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  • And The Band Played On is an extremely powerful movie. This movie should be required viewing in any high school. The fact that it took so incredibly long for the then higher powers to admit to the existence of AIDS is stunning and sad. The performances throughout the movie were moving and effective. I thought that Sir Ian McKellan and Richard Gere represented respectfully the signs of strength and fear.

    I was also disheartened to learn that throughout this tragedy, there were individuals who might have been more concerned with helping and protecting their own reputation and agenda as well as accepting the credit for their work in breaking down point by point the disease known as AIDS. Alan Alda as Dr. Gallo was fascinating. In fact all of the performances from Matthew Modine and Richard Gere to Steve Martin and BD Wong were great. The most important thing here though is the history of this disease and the hope that we can learn from it.
  • I read this book in high school in the late 80's just as it was released. The book was excellent and gave a great educational lesson on HIV and AIDS. The movie was just as good. I was really touched at the end when "The last song" by Elton John was playing. The movie gave a great time-line of the virus.

    It is so terrifying to think AIDS has actually been around since probably 1959 when a blood sample from a man from the Congo had died of a mysterious illness, and tests run on the blood sample today showed he did indeed have AIDS. The movie was very touching, this whole topic leaves a lump in my throat. I was 13 when AIDS had started making the news and in 1985 or 1986 my dad had a blood transfusion. We spend months worrying if he had contracted HIV. Thank god he got clean blood and he dodged a bullet, unlike the 25,000 people in the 70 and 80's who received tainted blood.

    I got teary eyed when an HIV+ guy in the movie says "This is not a political issue. This is a health issue. This is not a gay issue. This is a human issue. And I do not intend to be defeated by it. I came here today in the hope that my epitaph would not read that I died of red tape."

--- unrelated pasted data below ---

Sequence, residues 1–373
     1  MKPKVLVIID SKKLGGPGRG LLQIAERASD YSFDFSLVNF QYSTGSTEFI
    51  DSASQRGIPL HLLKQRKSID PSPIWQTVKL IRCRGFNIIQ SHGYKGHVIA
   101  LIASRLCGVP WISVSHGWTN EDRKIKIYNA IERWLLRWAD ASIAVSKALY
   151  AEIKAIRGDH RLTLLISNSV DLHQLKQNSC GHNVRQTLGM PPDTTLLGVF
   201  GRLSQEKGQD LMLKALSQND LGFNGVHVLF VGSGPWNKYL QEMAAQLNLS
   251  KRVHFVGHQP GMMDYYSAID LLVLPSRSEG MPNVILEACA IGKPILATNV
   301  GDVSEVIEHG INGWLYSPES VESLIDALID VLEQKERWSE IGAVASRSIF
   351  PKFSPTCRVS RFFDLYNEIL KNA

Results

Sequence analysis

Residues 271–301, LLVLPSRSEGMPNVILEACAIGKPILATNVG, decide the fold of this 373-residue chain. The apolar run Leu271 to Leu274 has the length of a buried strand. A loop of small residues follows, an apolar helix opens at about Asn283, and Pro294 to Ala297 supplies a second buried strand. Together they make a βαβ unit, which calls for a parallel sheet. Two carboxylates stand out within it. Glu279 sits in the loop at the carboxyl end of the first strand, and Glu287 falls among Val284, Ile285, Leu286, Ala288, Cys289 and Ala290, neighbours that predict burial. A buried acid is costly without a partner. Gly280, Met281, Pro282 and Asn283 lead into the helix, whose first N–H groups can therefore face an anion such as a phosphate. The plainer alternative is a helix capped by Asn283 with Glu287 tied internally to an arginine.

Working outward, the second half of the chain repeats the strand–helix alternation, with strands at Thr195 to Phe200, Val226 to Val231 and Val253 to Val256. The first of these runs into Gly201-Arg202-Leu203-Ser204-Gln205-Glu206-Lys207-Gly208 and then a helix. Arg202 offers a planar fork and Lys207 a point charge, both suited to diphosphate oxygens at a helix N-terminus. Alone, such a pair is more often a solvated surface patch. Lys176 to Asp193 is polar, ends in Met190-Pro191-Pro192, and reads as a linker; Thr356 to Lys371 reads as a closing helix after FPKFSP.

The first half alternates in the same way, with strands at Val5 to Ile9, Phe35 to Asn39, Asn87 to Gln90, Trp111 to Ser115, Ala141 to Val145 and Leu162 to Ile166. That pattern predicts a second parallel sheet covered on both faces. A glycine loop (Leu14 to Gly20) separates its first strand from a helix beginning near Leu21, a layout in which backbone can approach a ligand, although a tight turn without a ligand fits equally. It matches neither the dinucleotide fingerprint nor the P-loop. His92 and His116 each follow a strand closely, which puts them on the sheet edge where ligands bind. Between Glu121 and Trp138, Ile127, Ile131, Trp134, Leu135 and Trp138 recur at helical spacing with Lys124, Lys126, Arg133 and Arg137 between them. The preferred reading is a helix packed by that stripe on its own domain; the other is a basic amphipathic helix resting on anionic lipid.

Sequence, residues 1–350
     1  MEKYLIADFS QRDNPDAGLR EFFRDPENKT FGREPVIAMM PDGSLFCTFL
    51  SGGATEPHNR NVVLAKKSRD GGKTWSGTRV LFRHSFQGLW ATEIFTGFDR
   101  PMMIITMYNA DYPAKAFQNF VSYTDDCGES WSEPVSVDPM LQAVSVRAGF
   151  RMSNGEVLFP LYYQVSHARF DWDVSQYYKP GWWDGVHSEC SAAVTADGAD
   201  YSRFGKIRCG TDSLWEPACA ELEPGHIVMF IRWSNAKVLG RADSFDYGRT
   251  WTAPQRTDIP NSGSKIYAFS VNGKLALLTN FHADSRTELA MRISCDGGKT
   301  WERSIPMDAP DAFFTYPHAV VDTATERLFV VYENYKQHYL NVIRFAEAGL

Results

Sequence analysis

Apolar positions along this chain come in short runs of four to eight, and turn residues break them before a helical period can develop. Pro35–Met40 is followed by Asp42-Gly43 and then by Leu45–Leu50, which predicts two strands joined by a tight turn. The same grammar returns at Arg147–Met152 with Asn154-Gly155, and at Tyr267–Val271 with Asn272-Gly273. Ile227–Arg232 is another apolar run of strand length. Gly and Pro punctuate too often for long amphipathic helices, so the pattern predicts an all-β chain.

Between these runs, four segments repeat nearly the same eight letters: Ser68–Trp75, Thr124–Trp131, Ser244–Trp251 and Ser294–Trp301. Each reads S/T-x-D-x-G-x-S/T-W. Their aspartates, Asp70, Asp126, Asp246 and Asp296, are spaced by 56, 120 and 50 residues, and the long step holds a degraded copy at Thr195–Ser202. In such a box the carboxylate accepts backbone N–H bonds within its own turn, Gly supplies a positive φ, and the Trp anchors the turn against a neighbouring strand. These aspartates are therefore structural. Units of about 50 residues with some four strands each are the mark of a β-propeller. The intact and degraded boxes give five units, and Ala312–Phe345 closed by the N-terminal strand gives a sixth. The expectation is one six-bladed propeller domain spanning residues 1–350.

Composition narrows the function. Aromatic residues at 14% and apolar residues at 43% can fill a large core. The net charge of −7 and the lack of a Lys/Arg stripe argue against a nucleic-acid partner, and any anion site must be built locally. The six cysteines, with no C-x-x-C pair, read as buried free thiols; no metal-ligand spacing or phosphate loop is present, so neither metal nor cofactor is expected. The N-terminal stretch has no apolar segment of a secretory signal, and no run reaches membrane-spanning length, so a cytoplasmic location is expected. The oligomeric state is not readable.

The predictions were accurate. The scientists predicted there would be 40 million people worldwide infected with HIV by the turn of the century and that number has proved to be pretty much dead on, literally.
  • I decided to watch this movie again tonight for the first time in several years. I lived in San Francisco when the epidemic began and had a first hand view of the fear, paranoia, and grief.

    The movie brings back memories of worrying about my gay child and many of my friends. We attended more than a few memorial services. My son, praise be, is fine.

    The best thing about watching it so many years later is to realize how far we've come since then. AIDS is no longer the death sentence it once was. The book and the film did a great deal to raise public awareness. HBO was courageous, the actors were all first class and I believe it was realistic in its portrayal of the heroes, the villains, and the public ignorance and apathy of the time.
  • HBO was beginning to choose projects other networks were afraid to touch. And the Band Played On is one of their all time top ten. The actors who participated in this film were only paid scale, and not a lot of money was used, but the message is the strongest. I viewed this on its premiere and couldn't sleep afterward. I view it more these days since I've had many friends die of "red tape" of AIDS.

    According to this film based in Randy's book, what bothers me the most was the opportunities that existed by several people to catch this disease at various stages and it just wasn't done. Sure the government played its part, but so did commerce, so did vanity and so did the need for humans to be sexual beings.

    Since the film I've read about the deaths of many as well as experienced deaths myself. One thing that stands out is "Patient Zero". The family of this gentleman has fought long and hard for that stigma to be erased. As the character says in the film: "If I got it, then someone gave it to me". I do understand terms that mark things as "the beginning" of the identified problem but with this film you will know there was a beginning BEFORE THAT beginning. Where it lies is still a mystery.

    On the other hand if America could have shared information with other countries and paid closer attention we could have fought this is a world problem before it got to the point of where it did. But America was too busy allocating more money to military defense than to the medical defense.

    America had discoverable AIDS cases as far back as the 1950's, but it didn't reach total epidemic status until the late 1970's early 1980's. This film brings that information out. It also brings out the information that this disease, although concentrated in the gay community, had no specific target, anyone could/would get it. The people in my life were not all homosexual who contracted the disease but a few were just receivers of blood transfusions. At the time they received the blood, the test was not developed for screening. Just like the film points out, they too (family, friends, associates) suffered.

    There is so much to grab in this film, one or two viewings isn't enough. One or two pointed fingers is not the answer. It is equally as sad that almost 10 years later, I am writing this review and the band is still playing. It was my prayer that this would not be so.